One of the program's main objectives is to integrate students to the Spanish society. We feel that a well-placed student will benefit most of his or her experience abroad. The Program assists students in finding housing either Spanish host families or in residencies. Access to the latter is somewhat restricted depending on available space. Students indicate their preferences on housing and every effort is made to accommodate them to their choices. Full year students have the option of moving into shared apartments during the second semester of their stay.
Prior to arrival, students are informed of their housing situation and address as well as the expenses entailed. Students pay their housing directly. One must remember that living expenses in Madrid are high and the program tries to find reasonably priced housing.
Once in Spain, the Program Asssitant monitors their stay and helps students with their adjustments. If the housing placement is not satisfactory, the student is helped to find a new location.
HOUSING IN HOST FAMILIES
Most Spanish students in Madrid live with their families while they are students. Thus, GU students choosing to stay with a host family will parallel the situation of their Spanish peers. By living with a host family, they will have the opportunity to learn about Spanish culture on a daily basis: family dynamics, foods, space issues, etc. Though they must be aware that they are guests in the home, they often become quite close to the family members. Students must adapt to basic cohabitation norms but will also enjoy a lot of freedom in their leisure time. Students are not expected to do babysitting or other chores and do not have curfews.
All students should have their own room and receive two meals daily. Homes have internet access. Only one GU student will be placed per family and hosts are asked to not have other students from English-speaking countries to ensure that Spanish is being used continuously. They may lodge other foreigners or Spaniards in different rooms. Most students confirm that most of their Spanish speaking is done in the home and feel it truely reinforces the use of the language.
"Families" vary from single professional women to full families (couples with children and or grandparents). Almost all the families live in very central locations in Madrid. Those that are not that central usually compensate this by their excellent relationships with our students. All families live near a subway stop.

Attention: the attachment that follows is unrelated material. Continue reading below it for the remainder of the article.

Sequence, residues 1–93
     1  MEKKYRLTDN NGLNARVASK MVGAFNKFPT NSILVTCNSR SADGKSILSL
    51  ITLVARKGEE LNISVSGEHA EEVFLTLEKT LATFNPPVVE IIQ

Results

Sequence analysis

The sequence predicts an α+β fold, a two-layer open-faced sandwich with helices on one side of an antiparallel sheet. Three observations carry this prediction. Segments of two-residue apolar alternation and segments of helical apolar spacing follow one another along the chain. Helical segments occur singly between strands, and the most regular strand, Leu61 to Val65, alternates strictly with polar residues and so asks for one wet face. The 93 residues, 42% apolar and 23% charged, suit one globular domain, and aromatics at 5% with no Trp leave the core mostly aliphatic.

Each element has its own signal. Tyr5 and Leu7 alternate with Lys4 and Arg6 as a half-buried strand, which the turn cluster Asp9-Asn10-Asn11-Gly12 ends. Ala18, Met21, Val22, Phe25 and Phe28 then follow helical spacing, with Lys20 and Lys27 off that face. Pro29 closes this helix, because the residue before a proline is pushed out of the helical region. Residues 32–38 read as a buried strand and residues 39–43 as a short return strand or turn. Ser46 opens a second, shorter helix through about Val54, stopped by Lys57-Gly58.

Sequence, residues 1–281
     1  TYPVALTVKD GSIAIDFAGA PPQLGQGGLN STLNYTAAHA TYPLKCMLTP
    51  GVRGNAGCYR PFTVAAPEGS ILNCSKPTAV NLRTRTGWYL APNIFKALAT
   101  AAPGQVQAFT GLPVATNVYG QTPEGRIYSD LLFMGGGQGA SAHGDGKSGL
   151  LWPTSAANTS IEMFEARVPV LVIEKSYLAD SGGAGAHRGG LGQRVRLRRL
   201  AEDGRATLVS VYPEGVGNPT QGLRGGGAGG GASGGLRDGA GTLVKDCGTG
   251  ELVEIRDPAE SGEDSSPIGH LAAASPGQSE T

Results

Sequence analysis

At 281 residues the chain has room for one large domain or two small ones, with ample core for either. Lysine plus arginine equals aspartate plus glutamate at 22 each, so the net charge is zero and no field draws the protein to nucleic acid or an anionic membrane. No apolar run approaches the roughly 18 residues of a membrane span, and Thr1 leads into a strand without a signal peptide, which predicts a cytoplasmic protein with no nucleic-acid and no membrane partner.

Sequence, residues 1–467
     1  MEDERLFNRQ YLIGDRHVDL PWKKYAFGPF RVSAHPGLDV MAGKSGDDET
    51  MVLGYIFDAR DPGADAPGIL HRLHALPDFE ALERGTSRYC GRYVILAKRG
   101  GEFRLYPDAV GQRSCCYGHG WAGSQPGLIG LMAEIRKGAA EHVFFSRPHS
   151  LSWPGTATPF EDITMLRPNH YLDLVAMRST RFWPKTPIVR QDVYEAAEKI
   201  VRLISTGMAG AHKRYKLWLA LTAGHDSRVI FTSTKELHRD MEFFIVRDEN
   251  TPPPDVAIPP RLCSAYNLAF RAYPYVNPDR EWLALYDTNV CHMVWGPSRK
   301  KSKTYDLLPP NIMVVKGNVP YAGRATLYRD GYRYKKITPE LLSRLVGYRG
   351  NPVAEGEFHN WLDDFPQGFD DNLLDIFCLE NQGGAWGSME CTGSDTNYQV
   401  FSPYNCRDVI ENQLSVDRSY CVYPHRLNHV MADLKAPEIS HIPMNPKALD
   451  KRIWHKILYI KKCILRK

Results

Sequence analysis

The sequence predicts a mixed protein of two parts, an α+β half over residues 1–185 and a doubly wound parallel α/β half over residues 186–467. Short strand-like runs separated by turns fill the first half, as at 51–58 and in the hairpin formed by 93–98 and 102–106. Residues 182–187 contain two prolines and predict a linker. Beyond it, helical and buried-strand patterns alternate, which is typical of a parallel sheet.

One of the many positive aspects of the family is their personalized attention to our students. This is especially appreciated at the beginning of their stay (when students have not yet developed many friendships) or when they are ill. Also, families are usually very accommodating to food restrictions, though we urge students to try to be adapt to the Mediterranean diet. Participants requiring special food needs would do better in families without children since host parents will be more open to prepare special foods. If food restrictions are many, we suggest students choose a family offering kitchen rights and cook their own meals. This option is very limited, but does exist.
|Host mothers and fathers at 25th anniversary celebration|
HOUSING IN RESIDENCE HALLS
Residences and dorms are somewhat restricted in availability for Spring students because of the Spanish academic calendar. In Spain, universities have a stronger year-long emphasis so there is less student mobility. We also limit the number of GU students placed in each residence to promote more integration with their Spanish peers.
Residences range from large buildings hosting a couple hundred students to individual flats with 8-10 students. These private residences are not found on university campuses but rather in the city (since actual university dorms have restricted access). Each residence has its own rules, services and prices. Students will be informed of these before committing to a placement. Normally students take all three meals a day, but fewer meals may be negotiated. There is little flexibility for students with food restrictions. There are also some residences with kitchen rights where students cook their own meals. Most students live in either a single or double room.
Residences usually host students in their early 20's, though many may be older students studying for State exams. Thus, there is usually a mix of students studying at different universities, different levels or attending other academies. Since not many Spaniards study outside their home cities, most students in the residences will be foreigners from other European countries or from the United States. Unfortunately it is hard to break away from other American students. Unless a students connects with a Spanish group, not much cultural o language learning will take place.
Program participants are not allowed to live in their own apartments, except in the case of full year students, that may opt to move into an apartment during the second semester of their stay, and following program guidelines.